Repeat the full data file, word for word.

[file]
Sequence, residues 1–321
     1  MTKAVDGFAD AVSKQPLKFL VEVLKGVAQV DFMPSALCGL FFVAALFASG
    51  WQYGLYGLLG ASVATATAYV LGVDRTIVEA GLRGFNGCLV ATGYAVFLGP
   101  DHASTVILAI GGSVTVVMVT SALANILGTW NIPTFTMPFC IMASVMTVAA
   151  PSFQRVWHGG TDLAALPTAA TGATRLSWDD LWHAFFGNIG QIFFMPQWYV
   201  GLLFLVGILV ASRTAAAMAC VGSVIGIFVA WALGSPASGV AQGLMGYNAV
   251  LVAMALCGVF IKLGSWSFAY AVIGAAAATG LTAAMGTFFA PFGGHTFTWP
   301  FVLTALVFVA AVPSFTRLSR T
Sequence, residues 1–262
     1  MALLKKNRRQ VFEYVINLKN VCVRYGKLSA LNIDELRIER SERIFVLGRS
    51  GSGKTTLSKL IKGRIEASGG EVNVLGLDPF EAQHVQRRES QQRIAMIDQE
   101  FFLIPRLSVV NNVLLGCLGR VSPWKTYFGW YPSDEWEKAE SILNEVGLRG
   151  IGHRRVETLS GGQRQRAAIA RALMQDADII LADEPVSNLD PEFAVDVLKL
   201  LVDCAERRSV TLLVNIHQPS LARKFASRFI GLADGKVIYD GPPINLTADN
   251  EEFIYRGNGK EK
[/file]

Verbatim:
Sequence, residues 1–321
     1  MTKAVDGFAD AVSKQPLKFL VEVLKGVAQV DFMPSALCGL FFVAALFASG
    51  WQYGLYGLLG ASVATATAYV LGVDRTIVEA GLRGFNGCLV ATGYAVFLGP
   101  DHASTVILAI GGSVTVVMVT SALANILGTW NIPTFTMPFC IMASVMTVAA
   151  PSFQRVWHGG TDLAALPTAA TGATRLSWDD LWHAFFGNIG QIFFMPQWYV
   201  GLLFLVGILV ASRTAAAMAC VGSVIGIFVA WALGSPASGV AQGLMGYNAV
   251  LVAMALCGVF IKLGSWSFAY AVIGAAAATG LTAAMGTFFA PFGGHTFTWP
   301  FVLTALVFVA AVPSFTRLSR T
Sequence, residues 1–262
     1  MALLKKNRRQ VFEYVINLKN VCVRYGKLSA LNIDELRIER SERIFVLGRS
    51  GSGKTTLSKL IKGRIEASGG EVNVLGLDPF EAQHVQRRES QQRIAMIDQE
   101  FFLIPRLSVV NNVLLGCLGR VSPWKTYFGW YPSDEWEKAE SILNEVGLRG
   151  IGHRRVETLS GGQRQRAAIA RALMQDADII LADEPVSNLD PEFAVDVLKL
   201  LVDCAERRSV TLLVNIHQPS LARKFASRFI GLADGKVIYD GPPINLTADN
   251  EEFIYRGNGK EK